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Sunday, September 2, 2012

Somalia: We Are Ready to Talk to Al-Shabaab


Somalia Prime Minister Abdiweli Mohamed Ali spoke to The Independent's Andrew Mwenda

What is your biggest challenge as a Prime Minister?
When I came here as a Prime Minister I had two biggest challenges; one was the severe drought. As you may be aware the people here lack food because of the drought. The other challenge is insecurity-you know Al-shabaab have for a long period tried to control the biggest part of the country. So we have tried to take care of people who lost their livelihood because of the drought and at the same time helping the country to become peaceful by fighting the Al-shabaab.

How do you as a Prime Minister lead a country without institutions of government, revenues, the military might and other logistics?
It is tough but you have to do what you can. You have to first do the most important things and leave others because this is not a developed country like Germany, or America.What you have to do here is to first look after the people and then other things will follow later. What I mean is you provide public goods like security and protect civilians, give them education, health, food among others.

How problematic is the food issue?
Drought is one of the biggest problems here and that is why we lack food. When we came in June last year it was horrible many people had walked long distances to Mogadishu and were settling on the streets. They feared to lose their lives and also many had no food. They expected food and other services from us-of course as a transitional government it was our responsibility to look after these people and we have tried to do that. In fact it is an achievement of this government otherwise people would have perished.

How have you managed to achieve that?
Because of the instabilities, we had to put in place camps. The International Community has given us support. We have even created some jobs to the people. The International Community has actually managed to give us some money which we have passed onto some people who were once nomads and agriculturalists so they can go back to their former activity. We have a disaster management agency that deals with this issue.

There are critics of your government who say that your government is composed largely of former warlords; the very people who were involved in looting and killing?
Not in this government. There is no single warlord in my cabinet. Most of the people in this government are from the Diaspora probably 60% or 70% are from the Diaspora and all of them were approved before they entered office.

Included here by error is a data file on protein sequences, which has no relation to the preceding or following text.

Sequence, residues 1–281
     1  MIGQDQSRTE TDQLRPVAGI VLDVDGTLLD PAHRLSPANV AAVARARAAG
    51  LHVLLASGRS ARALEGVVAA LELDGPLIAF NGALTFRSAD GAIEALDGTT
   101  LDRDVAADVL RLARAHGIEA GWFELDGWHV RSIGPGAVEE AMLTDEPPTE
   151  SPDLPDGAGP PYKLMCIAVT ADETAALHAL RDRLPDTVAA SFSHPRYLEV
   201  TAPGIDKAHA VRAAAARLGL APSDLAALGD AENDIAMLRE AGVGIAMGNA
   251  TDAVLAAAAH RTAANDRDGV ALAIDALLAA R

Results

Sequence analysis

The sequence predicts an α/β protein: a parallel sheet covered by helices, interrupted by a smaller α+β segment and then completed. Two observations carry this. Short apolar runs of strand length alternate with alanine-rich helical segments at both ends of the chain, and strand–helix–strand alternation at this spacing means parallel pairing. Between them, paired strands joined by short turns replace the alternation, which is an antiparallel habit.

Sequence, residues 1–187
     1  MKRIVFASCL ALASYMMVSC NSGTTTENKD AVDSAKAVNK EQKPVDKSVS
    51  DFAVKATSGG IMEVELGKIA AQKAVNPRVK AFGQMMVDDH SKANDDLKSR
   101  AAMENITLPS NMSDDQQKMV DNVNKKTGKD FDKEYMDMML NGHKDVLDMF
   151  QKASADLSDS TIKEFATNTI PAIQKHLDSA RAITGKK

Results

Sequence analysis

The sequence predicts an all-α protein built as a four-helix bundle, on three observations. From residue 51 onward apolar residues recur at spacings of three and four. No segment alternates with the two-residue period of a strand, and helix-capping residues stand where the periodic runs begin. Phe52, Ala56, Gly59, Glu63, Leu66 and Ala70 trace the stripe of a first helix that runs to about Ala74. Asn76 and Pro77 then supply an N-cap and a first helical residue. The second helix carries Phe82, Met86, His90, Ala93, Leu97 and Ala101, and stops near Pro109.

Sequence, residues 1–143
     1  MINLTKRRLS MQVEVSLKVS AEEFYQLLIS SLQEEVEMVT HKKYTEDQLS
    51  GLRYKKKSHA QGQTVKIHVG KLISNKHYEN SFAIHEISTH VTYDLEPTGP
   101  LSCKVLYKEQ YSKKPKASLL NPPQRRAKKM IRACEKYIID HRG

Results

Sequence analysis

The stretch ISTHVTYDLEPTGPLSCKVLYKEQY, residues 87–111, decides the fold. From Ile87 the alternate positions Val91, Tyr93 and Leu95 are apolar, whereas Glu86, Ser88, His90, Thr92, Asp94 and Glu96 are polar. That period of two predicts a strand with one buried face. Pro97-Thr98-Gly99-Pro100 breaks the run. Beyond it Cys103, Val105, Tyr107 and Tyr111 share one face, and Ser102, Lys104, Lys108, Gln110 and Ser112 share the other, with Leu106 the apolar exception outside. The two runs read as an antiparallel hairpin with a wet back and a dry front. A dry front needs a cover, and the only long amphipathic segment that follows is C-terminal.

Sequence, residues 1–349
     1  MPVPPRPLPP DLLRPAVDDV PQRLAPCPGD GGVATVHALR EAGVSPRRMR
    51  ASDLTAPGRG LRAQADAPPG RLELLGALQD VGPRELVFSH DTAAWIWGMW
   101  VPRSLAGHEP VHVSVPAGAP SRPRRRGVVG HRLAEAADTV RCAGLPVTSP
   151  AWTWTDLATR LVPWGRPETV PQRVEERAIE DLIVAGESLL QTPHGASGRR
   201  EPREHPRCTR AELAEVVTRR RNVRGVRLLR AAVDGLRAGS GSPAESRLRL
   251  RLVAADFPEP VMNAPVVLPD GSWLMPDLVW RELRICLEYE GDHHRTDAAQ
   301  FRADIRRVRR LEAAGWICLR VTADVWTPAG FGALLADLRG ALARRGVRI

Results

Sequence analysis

Some people are saying your government is very corrupt, about 70% of all the money that has been internally collected and donated cannot be accounted for?
But the question is where did that money come from and who is demanding accountability? Do we get bilateral aid? I do not know about that. We have the anticorruption coalition that deals with those issues. All our officials are accountable. But also the donors have to be accountable to the people of those countries where they get the money.

Why do you demand accountability from donors?
I am saying accountability from all sides is necessary. This money they bring is taxpayers' money from those countries and that is why they have to account for it. We could have diverted some money into other uses especially to providing livelihoods but we have been transparent.

Have you accounted to the people of Somalia regarding the money you collect from the airport, from ports...?
We have a budget on which we spend this money. You can go to the ministry of finance and ask them how much money government collects and what we spend. I am sure they will tell you. Remember we have to pay salaries and to meet other costs to run government.

I interacted with a soldier in the TFG force and he said he had not been paid for seven months...
That is not true. We pay all the soldiers and we have stayed with them without any problem.

What is the government's plan to reconcile, provide justice to those who murdered and tortured the people?
Punishing criminals is a good idea but we need to first bring them together, reconcile and exchange ideas.

How about Al-shabaab?
They already changed their name to Al-Qaeda; they are no longer Al-shaabab. We have no problem with talking to them as longer as they are ready. Those who want violence we will deal with them, those who want to reconcile we will sit with them and welcome them to our camp. What we want at the end of the day is to have all the people united.

Most of the fighting is being done by AMISOM and not TFG forces because they are young. When do you expect AMISOM to leave?
That is not the case... All of us are fighting. But letting AMISOM go will come later. We want to first build a strong national army and the police force before we can allow AMISOM to leave.

As a long term measure, if you stabilise the rest of Somalia what is the plan for the Puntland and Somaliland?
We want to train a military force together so that we strengthen our relationship. As far as Puntland is concerned we started negotiations with them and we are moving in the right direction. Punt people will not succeed if they want to secede but what we want is to have all sides united.

Do you have the plan to participate in the next government?
I have got capacity but I have not decided on that yet.